OTTAWA — In what is being hailed as a victory, a 17-year battle between a federal whistleblower and the federal government has ended with an undisclosed financial settlement.
Joanna Gualtieri, a former foreign affairs realty portfolio manager, began to file reports alleging the department was spending extravagant amounts on accommodations for Canadian diplomats abroad in 1992.
She claims her bosses ignored her warnings and tried to censor reports that described how the government’s multi-million-dollar properties were being misused while extra funds were disbursed to rent luxurious accommodations that diplomats demanded. When she went public, Gualtieri said she was harassed, given a dead-end job and later ended up on unpaid medical leave.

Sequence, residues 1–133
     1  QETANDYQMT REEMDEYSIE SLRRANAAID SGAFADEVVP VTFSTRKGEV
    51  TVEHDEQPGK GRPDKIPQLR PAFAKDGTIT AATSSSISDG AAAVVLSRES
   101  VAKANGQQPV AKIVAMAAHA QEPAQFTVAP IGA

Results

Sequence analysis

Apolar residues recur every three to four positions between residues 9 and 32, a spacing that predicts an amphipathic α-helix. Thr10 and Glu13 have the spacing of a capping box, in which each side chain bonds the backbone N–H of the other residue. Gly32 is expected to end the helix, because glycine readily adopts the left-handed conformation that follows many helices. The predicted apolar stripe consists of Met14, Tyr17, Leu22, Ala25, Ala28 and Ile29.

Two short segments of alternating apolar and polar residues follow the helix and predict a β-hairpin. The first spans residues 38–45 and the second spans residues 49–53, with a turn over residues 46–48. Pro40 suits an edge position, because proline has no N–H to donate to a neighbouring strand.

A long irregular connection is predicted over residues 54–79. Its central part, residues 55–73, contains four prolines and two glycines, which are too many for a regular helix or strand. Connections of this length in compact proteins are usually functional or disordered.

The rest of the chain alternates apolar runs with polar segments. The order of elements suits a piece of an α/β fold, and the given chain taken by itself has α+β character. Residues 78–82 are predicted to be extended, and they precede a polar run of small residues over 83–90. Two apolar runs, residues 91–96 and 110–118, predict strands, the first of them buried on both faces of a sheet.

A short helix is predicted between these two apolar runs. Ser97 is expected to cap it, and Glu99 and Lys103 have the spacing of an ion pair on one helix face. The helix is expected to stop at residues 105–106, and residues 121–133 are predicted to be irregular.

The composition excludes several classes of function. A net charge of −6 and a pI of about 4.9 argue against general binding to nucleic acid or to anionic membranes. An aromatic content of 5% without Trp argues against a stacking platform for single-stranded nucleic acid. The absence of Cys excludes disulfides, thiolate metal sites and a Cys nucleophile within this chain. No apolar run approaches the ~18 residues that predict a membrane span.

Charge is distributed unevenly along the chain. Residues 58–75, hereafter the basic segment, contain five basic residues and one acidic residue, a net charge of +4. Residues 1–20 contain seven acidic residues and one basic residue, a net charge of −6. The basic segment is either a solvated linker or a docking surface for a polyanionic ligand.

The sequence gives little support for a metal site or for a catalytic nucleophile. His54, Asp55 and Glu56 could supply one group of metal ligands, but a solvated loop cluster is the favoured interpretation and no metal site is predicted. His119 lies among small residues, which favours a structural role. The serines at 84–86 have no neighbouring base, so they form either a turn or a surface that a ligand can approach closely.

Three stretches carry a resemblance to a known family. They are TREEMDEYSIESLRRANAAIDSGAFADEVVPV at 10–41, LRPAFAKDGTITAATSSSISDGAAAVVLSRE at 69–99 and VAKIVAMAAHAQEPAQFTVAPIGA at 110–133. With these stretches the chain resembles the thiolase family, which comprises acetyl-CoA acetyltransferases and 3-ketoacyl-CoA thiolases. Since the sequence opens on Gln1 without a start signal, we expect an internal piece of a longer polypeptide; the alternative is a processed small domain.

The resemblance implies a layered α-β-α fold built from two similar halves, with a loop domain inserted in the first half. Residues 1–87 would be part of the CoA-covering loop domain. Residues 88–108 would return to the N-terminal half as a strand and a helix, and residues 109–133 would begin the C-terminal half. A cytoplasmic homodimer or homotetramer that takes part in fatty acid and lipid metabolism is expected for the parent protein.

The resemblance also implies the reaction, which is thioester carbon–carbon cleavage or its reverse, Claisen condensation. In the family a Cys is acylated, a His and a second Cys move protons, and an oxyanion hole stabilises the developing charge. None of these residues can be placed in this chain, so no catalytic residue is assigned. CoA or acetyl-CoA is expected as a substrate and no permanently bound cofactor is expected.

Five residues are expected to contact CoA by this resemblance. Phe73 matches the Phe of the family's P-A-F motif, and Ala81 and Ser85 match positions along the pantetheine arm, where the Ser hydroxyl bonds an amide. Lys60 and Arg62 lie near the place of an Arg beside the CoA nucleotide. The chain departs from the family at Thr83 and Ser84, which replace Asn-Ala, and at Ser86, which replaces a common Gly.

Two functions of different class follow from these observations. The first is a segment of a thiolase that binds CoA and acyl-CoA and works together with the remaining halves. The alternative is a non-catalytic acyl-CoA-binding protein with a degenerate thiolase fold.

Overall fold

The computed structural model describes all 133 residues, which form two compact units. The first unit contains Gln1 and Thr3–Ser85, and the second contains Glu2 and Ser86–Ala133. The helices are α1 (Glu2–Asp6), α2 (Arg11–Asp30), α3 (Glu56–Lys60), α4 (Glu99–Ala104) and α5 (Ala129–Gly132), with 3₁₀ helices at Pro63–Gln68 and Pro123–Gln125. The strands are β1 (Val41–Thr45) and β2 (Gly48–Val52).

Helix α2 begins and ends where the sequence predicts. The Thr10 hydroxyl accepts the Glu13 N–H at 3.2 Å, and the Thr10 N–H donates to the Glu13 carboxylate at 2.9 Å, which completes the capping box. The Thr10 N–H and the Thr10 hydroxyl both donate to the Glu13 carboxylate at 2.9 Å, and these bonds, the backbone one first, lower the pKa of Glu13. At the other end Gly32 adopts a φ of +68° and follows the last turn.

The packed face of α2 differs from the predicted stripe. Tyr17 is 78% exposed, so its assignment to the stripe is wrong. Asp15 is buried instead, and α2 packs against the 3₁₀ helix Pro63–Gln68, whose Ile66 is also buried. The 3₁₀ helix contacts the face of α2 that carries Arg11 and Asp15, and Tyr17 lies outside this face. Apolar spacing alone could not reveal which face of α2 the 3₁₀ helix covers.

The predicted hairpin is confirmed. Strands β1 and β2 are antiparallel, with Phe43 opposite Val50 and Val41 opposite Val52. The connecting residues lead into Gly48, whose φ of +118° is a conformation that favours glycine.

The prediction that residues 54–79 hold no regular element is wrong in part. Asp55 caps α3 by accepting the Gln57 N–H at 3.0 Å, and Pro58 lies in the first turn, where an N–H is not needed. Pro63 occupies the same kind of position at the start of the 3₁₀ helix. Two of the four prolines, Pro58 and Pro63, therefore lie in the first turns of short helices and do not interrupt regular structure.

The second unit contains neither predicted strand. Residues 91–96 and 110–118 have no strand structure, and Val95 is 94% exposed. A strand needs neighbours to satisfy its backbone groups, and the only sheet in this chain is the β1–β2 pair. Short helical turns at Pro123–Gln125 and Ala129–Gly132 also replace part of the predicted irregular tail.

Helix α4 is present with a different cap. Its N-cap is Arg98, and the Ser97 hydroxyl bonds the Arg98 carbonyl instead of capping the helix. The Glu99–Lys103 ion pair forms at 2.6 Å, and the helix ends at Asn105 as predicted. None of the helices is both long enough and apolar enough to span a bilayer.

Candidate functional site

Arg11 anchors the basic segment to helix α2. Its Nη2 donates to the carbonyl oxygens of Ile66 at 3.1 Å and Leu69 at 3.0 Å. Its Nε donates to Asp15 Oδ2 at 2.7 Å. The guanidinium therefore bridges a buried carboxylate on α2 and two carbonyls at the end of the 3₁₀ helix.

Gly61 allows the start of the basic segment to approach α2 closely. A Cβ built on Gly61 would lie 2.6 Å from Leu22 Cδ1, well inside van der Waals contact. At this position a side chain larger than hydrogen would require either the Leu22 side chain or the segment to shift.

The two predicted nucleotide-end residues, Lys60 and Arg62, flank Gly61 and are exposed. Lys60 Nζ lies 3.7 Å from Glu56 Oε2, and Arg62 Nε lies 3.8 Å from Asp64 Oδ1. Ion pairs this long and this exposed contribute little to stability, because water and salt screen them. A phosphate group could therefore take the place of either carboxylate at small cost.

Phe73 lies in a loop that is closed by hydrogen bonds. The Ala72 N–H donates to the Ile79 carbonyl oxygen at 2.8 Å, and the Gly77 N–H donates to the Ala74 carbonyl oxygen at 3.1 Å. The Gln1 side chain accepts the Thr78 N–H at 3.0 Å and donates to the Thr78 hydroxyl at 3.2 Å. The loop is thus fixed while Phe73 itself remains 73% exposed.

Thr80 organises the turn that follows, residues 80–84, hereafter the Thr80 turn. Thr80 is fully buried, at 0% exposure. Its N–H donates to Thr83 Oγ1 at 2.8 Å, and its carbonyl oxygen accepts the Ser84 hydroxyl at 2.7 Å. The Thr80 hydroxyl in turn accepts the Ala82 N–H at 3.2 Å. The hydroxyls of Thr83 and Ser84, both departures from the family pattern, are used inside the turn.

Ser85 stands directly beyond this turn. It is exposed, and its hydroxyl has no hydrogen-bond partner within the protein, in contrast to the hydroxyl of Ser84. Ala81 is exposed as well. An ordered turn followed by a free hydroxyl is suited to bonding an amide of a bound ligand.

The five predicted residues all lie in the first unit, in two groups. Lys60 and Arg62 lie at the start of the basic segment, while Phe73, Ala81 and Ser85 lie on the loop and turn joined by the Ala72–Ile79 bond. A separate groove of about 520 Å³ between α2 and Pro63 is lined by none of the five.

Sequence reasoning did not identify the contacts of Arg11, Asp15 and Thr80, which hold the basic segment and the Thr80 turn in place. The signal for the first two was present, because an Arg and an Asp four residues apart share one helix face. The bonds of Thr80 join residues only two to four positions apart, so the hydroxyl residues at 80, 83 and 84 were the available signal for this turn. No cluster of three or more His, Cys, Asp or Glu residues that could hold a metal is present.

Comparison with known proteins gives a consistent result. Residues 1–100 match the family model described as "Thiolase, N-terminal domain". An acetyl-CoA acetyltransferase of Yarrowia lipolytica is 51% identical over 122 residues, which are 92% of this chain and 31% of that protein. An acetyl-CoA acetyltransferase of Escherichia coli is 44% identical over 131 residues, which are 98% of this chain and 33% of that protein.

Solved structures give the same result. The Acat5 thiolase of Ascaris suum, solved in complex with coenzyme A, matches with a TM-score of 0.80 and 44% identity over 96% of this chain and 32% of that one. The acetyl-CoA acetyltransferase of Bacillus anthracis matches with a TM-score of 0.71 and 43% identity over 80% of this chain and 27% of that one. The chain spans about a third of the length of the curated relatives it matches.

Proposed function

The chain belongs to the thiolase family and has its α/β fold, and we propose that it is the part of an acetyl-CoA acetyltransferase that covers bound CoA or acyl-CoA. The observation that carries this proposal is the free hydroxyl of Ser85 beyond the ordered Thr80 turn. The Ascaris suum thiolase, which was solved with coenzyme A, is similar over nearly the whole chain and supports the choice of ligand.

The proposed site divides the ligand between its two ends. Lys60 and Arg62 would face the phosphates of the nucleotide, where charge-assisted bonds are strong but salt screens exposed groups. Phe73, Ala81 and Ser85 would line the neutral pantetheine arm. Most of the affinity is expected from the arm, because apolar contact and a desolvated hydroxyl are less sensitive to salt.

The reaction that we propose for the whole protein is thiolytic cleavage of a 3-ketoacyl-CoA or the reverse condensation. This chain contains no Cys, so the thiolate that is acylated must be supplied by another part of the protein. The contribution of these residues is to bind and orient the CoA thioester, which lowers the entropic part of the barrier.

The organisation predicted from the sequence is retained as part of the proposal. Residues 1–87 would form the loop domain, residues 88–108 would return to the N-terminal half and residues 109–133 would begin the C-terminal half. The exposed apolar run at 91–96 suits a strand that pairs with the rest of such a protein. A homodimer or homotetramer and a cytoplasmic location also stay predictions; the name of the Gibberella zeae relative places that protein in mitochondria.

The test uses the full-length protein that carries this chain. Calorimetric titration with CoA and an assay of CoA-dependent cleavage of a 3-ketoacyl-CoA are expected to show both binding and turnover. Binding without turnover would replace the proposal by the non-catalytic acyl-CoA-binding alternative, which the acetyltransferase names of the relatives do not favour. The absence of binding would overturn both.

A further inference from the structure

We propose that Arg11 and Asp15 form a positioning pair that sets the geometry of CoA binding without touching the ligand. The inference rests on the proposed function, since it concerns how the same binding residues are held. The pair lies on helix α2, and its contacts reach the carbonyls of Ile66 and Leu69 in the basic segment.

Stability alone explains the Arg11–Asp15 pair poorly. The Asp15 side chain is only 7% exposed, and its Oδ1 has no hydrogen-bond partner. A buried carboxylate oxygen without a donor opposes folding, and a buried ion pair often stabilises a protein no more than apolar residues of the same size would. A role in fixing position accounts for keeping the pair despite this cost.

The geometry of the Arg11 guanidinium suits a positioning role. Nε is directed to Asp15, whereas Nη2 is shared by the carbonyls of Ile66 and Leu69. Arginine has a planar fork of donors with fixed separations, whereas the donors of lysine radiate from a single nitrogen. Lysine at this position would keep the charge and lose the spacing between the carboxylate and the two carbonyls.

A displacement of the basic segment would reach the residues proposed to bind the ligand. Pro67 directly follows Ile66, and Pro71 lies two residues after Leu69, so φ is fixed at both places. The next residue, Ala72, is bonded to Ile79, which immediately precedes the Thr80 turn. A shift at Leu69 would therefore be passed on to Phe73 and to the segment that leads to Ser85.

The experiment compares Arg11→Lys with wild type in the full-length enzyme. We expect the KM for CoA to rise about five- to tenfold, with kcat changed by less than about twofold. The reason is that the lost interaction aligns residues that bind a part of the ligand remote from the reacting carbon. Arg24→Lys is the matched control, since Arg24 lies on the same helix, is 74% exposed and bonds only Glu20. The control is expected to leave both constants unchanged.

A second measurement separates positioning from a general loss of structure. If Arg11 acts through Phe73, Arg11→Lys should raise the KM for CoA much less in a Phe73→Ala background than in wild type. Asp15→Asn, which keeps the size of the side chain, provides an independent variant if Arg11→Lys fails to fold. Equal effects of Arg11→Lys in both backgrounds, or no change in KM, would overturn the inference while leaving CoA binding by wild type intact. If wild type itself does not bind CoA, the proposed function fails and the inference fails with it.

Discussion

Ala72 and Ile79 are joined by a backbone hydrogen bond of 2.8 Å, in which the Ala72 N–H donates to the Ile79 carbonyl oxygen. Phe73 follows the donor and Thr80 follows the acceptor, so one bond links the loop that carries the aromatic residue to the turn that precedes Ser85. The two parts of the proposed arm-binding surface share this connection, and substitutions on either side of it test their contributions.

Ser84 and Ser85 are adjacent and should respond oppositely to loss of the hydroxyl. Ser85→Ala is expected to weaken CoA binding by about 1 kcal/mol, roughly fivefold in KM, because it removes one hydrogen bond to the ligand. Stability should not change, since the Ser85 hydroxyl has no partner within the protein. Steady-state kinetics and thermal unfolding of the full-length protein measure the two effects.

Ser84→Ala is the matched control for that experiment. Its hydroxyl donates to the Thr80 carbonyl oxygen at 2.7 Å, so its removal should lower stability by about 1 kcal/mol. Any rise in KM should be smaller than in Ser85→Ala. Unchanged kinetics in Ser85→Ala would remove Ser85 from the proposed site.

In 1998, she launched a $30-million harassment lawsuit.
“It’s very hard to see this as anything but an admission of guilt by government lawyers,” said David Hutton, executive director of FAIR, the whistleblower group founded by Gualtieri.
“If she did have a case and they had to settle with her, what was the point of dragging out the legal proceedings for almost 12 years?”
Hutton said Gualtieri was punished, silenced and made an example of to discourage other public servants from coming forward.
Former Liberal MP and justice department lawyer, David Kilgour called Gualtieri a "Canadian hero" and said she was treated "atrociously."
"Anyone who was involved with this case, should be ashamed of themselves," he said.
Foreign Affairs spokeswoman Laura Merkle said the case regarding a “workplace issue” had been settled and the “terms of the settlement are confidential.”
Gualtieri could not be reached.